I wish to add an integer column to some table with a lot of rows and several indexes (Its an information warehouse Fact Table).
To help keep the row width as narrow as you possibly can all of the posts within this table are understood to be not null. And So I want the brand new column to become not null having a default of zero.
From experience adding this column will require a while, most probably since the database will have to rewrite all of the rows with a brand new column having a filled value. Which most probably calls for upgrading the clustered index and all sorts of the non-clustered indexes.
So must i drop all of the indexes before adding the column after which recreate all of them. Or perhaps is there an simpler method of doing this?
Also I do not really realise why adding a column that's nullable is really much faster. How come this not involve re-writng the records by having an extra Is Null bit turned for every row.
It may need upgrading the clustered index, yes - this IS the table data, in the end.
However I aren't seeing why the non-clustered indices would need to up-to-date - your brand-new column will not be person in the non-clustered indices.
Also, I do not observe how shedding and re-creating the indices would help you within this scenario. Should you be bulk-loading into the millions existing rows from another table or database - yes, then it may be faster (because of the Card inserts being considerably faster) - but adding a column does not really are afflicted by any indices or constraints being around, I do not think.
SQL Server is really a row oriented database. This really is as opposed to a column oriented database. Which means that in SQL Server, all the data for any given row is saved together around the disk. Let us come with an example:
If you have a person table with 3 posts, FirstName, MiddleInitial, and LastName. Then, if you have 3 records within this table for Jabba T. Hutt, Dennis T. Menace, and George W. Rose bush.
Consecutively oriented database (like SQL Server), the records is going to be saved on disk as a result:
Jabba, T, Hutt Dennis, T, Menace George, W, Rose bush
In comparison, a column oriented database would keep records on disk such as this:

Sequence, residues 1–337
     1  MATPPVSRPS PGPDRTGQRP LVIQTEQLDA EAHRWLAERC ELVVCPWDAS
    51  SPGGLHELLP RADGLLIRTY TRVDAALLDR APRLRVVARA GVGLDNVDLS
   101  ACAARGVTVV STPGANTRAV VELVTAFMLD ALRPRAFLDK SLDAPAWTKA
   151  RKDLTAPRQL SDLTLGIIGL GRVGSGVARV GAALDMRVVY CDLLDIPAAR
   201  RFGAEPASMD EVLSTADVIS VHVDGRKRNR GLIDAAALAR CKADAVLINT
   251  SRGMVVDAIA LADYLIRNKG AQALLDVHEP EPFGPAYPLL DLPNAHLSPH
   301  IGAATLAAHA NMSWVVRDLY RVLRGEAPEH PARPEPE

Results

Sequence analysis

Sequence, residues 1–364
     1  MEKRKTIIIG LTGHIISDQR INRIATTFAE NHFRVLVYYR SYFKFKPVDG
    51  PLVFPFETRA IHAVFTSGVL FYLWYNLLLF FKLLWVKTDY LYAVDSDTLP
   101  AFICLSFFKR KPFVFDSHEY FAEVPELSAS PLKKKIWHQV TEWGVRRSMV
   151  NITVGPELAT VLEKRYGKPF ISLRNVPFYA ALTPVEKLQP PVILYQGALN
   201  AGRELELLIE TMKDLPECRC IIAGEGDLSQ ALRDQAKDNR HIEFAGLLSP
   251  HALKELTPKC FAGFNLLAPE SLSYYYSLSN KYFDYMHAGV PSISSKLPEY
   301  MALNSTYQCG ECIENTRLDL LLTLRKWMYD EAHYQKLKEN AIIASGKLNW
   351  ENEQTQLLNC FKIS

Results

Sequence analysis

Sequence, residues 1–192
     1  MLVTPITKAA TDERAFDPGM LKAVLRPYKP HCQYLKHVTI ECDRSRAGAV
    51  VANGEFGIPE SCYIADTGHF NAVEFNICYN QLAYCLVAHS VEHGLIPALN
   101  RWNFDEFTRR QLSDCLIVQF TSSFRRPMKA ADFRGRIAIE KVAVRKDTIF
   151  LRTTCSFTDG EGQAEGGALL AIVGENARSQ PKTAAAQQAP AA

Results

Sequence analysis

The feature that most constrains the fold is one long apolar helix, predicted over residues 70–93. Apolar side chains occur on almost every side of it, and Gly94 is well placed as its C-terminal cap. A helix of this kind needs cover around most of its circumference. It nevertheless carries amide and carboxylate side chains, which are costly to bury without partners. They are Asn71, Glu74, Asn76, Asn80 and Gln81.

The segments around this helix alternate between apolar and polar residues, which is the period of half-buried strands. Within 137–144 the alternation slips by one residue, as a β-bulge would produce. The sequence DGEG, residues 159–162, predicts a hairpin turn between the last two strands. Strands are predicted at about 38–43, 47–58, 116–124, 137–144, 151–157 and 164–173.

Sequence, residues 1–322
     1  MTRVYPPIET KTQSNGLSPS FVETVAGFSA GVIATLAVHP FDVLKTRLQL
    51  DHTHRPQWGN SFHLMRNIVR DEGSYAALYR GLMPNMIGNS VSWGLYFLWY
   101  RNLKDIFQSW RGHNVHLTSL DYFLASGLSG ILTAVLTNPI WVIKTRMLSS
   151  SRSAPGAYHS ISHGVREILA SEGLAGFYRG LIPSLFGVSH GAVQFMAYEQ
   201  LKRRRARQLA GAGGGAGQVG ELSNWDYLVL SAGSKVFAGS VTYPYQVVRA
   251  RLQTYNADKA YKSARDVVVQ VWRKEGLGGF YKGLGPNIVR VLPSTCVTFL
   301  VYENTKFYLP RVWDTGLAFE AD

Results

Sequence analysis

Jabba, Dennis, George T, T, W Hutt Menace, Rose bush
Where posts are arranged together rather than rows.
Now, when you attend give a column to some table consecutively oriented database (SQL Server, for instance), the brand new data for every column needs to be placed alongside the present rows, shifting the rows needing lots of read/write procedures. So, should you place a brand new column for that customer prefix that defaults to 'Mr', this is exactly what you'd get:
Mr, Jabba, T, Hutt Mr, Dennis, T, Menace Mr, George, W, Rose bush
As you can tell, all the original data continues to be moved right. However, whenever you place a brand new column that defaults to NULL, no new data needs to be placed in to the existing rows. Thus, there's less shifting, needing less disk read/write procedures.
Obviously, this an oversimplification of what is really happening on disk. You will find other activities to consider when confronted with indexes, pages, etc. But, it will help give you the picture.
For clarification I am not whatsoever recommending you progress to some column oriented database, I simply put that info in exist for explain what Row oriented meant.
"Also I do not really realise why adding a column that's nullable is really much faster. How come this not involve re-writng the records by having an extra Is Null bit turned for every row."
Adding a nullable column basically changes the phrase the table. The person records aren't affected.